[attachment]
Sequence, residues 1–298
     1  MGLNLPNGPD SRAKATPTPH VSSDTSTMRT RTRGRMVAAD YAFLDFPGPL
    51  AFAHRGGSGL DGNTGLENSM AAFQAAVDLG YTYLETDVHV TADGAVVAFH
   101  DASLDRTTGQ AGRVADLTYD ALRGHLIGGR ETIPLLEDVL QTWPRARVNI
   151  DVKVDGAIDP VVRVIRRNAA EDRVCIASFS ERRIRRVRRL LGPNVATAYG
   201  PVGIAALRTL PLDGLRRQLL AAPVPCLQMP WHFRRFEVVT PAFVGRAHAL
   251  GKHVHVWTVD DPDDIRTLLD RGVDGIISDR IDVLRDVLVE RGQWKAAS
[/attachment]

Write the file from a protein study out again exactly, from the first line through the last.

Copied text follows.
Sequence, residues 1–298
     1  MGLNLPNGPD SRAKATPTPH VSSDTSTMRT RTRGRMVAAD YAFLDFPGPL
    51  AFAHRGGSGL DGNTGLENSM AAFQAAVDLG YTYLETDVHV TADGAVVAFH
   101  DASLDRTTGQ AGRVADLTYD ALRGHLIGGR ETIPLLEDVL QTWPRARVNI
   151  DVKVDGAIDP VVRVIRRNAA EDRVCIASFS ERRIRRVRRL LGPNVATAYG
   201  PVGIAALRTL PLDGLRRQLL AAPVPCLQMP WHFRRFEVVT PAFVGRAHAL
   251  GKHVHVWTVD DPDDIRTLLD RGVDGIISDR IDVLRDVLVE RGQWKAAS